5 Twists on a Classic Gin & Tonic

You would have had to be living under a rock to not know the explosion gin has made in recent years. No longer associated with your aunt June at the pub, a G&T is the tipple of choice for a new generation. First introduced in India during the 18th century, the combination of gin and tonic came about when members of the East India Company found the quinine added to tonic water was too bitter and so created their own concoction of  water, sugar, lime – and the aforementioned quinine –  to make the drink easier to drink due to less bitterness.

Since then, there has been many an ingredient brought the glass and with more ways than ever to enjoy this ever-popular cocktail.

To celebrate the nation's favourite spirit, we share our musings on 5 twists on the classic gin and tonic.

 

Cucumber & Rosemary

Cucumber tonic is now readily available so this can be used if you prefer an alcoholic beverage without a snack, however, a slither of cucumber and a sprig or two of rosemary will bring a gin and tonic alive and further penetrate the flavours of the gin on your tongue.

50ml Tanqueray Gin

150ml tonic water

2 sprigs of rosemary

1 cucumber

1 lime

 

Hendrick’s, Mediterranean Tonic & Orange

A favourite amongst a member of our team, this was first discovered when they asked a friend who was on their way to the bar, to surprise them with a gin drink. Trust us when we say that it is delicious; the fruit and citrus elements of the tonic water working together perfectly and smoothly with this Fever tree favourite. Highly recommended.

50ml Hendrick’s Gin

200ml Fever-Tree Mediterranean Tonic

A wedge of fresh orange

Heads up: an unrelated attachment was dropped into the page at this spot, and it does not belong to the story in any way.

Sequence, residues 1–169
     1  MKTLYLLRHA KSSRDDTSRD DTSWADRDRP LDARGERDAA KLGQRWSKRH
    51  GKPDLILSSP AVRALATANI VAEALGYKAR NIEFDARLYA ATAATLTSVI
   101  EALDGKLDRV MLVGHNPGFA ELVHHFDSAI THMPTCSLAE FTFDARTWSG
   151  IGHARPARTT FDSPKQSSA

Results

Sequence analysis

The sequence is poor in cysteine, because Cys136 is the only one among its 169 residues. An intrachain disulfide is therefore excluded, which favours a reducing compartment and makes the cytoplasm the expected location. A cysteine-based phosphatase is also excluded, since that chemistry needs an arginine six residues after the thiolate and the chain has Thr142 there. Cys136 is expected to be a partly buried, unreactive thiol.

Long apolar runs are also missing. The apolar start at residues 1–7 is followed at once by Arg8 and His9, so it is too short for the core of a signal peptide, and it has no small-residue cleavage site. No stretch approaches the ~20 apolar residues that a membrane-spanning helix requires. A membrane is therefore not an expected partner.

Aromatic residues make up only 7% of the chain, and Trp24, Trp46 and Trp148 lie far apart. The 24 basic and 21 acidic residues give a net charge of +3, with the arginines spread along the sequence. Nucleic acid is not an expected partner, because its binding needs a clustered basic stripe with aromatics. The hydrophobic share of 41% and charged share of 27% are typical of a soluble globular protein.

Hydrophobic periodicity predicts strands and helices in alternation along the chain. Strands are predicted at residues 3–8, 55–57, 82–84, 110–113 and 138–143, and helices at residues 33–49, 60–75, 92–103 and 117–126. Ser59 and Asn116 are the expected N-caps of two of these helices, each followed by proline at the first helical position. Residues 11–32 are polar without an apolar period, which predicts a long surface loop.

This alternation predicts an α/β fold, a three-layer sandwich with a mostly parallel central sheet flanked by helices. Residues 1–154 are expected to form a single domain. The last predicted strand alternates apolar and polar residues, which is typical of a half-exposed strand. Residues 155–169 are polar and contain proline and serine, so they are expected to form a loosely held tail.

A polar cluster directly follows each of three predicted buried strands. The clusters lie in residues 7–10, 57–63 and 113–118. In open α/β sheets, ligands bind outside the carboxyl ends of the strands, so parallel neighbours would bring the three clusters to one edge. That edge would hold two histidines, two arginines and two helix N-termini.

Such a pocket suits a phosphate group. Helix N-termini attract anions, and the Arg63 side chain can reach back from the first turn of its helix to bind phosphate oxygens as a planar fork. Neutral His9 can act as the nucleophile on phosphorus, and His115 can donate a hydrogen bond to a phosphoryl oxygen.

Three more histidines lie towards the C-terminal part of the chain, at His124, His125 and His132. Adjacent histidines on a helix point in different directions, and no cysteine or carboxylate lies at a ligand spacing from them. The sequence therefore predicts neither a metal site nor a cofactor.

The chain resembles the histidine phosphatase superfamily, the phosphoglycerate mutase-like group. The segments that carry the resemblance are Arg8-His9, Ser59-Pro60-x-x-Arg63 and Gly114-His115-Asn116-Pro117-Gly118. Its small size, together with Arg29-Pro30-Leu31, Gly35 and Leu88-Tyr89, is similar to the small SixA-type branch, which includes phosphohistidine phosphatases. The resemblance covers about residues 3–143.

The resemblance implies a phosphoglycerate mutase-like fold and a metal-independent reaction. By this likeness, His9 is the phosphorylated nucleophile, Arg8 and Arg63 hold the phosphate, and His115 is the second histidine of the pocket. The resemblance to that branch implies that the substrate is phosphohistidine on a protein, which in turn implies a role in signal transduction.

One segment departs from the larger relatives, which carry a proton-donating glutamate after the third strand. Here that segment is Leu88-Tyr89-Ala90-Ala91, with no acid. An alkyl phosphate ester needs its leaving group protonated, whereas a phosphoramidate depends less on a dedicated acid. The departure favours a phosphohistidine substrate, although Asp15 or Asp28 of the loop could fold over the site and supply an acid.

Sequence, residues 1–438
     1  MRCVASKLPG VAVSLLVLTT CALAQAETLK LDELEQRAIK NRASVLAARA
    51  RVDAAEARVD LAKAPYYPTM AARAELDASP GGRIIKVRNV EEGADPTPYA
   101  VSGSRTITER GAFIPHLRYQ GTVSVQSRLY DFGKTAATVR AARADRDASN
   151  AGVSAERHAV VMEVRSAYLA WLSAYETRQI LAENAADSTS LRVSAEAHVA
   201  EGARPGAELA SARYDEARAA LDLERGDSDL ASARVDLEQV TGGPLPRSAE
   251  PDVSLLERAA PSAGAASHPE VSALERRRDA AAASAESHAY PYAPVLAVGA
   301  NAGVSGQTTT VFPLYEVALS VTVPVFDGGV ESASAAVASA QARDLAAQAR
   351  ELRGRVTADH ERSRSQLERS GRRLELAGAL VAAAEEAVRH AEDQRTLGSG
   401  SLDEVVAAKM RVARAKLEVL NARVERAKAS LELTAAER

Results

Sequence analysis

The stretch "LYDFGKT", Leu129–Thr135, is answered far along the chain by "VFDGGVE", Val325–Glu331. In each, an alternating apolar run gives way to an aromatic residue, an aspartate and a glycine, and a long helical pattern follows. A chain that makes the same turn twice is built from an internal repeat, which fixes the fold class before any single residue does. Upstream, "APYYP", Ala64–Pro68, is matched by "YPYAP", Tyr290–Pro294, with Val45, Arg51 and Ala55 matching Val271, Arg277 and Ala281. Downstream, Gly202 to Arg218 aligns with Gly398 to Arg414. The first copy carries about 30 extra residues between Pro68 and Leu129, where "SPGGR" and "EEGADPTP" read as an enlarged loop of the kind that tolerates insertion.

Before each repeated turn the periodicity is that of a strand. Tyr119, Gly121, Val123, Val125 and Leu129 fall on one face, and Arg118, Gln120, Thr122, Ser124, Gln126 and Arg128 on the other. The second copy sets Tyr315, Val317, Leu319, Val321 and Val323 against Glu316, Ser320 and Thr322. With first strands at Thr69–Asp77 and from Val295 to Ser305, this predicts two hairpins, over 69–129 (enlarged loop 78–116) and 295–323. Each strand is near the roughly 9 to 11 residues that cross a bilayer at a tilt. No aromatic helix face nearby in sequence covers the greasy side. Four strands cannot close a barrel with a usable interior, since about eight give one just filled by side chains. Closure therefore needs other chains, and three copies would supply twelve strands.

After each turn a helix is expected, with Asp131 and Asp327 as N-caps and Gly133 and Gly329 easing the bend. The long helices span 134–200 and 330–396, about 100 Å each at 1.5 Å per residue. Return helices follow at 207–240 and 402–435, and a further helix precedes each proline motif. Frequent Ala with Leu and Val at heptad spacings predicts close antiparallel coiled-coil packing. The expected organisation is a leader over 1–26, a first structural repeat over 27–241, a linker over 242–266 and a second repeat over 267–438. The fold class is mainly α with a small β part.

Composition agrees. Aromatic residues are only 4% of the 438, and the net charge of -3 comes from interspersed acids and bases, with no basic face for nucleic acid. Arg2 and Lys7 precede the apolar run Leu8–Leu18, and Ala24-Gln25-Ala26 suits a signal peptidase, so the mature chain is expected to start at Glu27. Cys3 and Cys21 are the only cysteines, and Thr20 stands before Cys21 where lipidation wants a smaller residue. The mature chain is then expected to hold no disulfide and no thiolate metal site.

Coastal, Tonic & Lemon

Tried and tested. Due to its blend of botanicals, including sea buckthorn, seaweed and blackberry, Coastal Distillery Coastal Gin, doesn’t need much more of a garnish that a wedge of lemon (or raspberry for a sweeter option), a high quality Indian tonic water and generous helping of ice. Simple, elegant and totally moreish!

50ml Coastal Distillery Coastal Gin

200ml Tonic Water

A wedge of fresh lemon

4-5 ice cubes

 

Juniper Berries

Though most gins contain the botanical ingredient of juniper, adding the natural form to your gin and tonic adds a level of aromatic sweetness or pepperiness. Hendrick’s or similar such as Silent Pool or Martin Miller’s, work well for this recipe.

To create, fill a glass with ice cubes, add the gin and tonic followed by a disc of lime, shaving of lemon zest, verbena leaf (or thyme) and a scattering of berries to serve. This mixture also makes for a great alcohol-free alternative.

50ml Hendrick’s, Silent Pool or Martin Miller’s Gin

150ml Tonic Water  

3-5 juniper berries

1 lime

1 lemon verbena leaf

The zest of a lemon

 

Fruit

If you have more of a sweet tooth and prefer a less bitter gin and tonic, a fruity addition can often make a more palatable to perhaps the not so avid gin drinker. Create a blend of your own with soft mango or pineapple or even a crisp circle of apple – this will also add a certain bite to the drink.

Bitter fiends no need to miss out either – cranberry or grapefruit will heighten the natural bitterness of tonic.

There really are fewer combinations better than gin and tonic – a refreshing drink that we welcome you to rework to suit your palette.

50ml Gin of your choice

1 Mango, Pineapple or apple

25ml cranberry or grapefruit juice

Related: 

Tanqueray Flor de Sevilla Gin

Verano Spanish Watermelon Gin

Kopparberg Strawberry & Lime Premium Gin

Whitley Neill Raspberry Gin

Pink Royal Gin

 

 Happy Drinking!

 

Jessica Lester